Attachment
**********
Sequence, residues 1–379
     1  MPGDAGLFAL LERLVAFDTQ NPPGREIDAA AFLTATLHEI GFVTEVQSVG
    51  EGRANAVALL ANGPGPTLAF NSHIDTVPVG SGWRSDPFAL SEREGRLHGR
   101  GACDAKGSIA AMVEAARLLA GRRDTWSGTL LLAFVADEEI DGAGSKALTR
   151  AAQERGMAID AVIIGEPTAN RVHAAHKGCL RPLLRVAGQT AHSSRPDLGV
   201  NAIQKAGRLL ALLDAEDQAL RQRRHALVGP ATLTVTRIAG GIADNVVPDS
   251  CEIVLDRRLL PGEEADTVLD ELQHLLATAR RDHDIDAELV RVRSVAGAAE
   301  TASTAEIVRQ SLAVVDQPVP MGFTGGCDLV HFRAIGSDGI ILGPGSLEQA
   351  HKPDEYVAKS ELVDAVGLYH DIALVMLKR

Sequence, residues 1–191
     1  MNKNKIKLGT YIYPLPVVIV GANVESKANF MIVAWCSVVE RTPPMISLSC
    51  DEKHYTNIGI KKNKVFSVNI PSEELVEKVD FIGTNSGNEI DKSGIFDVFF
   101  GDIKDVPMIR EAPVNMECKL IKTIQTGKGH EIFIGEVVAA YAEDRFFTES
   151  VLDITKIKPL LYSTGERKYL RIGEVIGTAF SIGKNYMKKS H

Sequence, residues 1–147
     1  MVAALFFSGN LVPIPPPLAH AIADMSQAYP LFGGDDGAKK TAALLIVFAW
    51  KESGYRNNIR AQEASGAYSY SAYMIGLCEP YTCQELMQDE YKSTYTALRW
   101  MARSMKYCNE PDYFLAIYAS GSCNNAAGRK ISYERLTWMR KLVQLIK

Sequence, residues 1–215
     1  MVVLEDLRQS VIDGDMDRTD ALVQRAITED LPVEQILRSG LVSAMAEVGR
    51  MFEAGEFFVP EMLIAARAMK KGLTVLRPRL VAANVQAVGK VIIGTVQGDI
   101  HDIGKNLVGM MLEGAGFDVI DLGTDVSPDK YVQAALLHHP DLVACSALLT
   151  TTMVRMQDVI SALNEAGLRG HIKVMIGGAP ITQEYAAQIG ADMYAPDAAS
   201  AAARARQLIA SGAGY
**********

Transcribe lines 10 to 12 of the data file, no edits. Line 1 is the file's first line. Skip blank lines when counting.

Sequence, residues 1–191
     1  MNKNKIKLGT YIYPLPVVIV GANVESKANF MIVAWCSVVE RTPPMISLSC
    51  DEKHYTNIGI KKNKVFSVNI PSEELVEKVD FIGTNSGNEI DKSGIFDVFF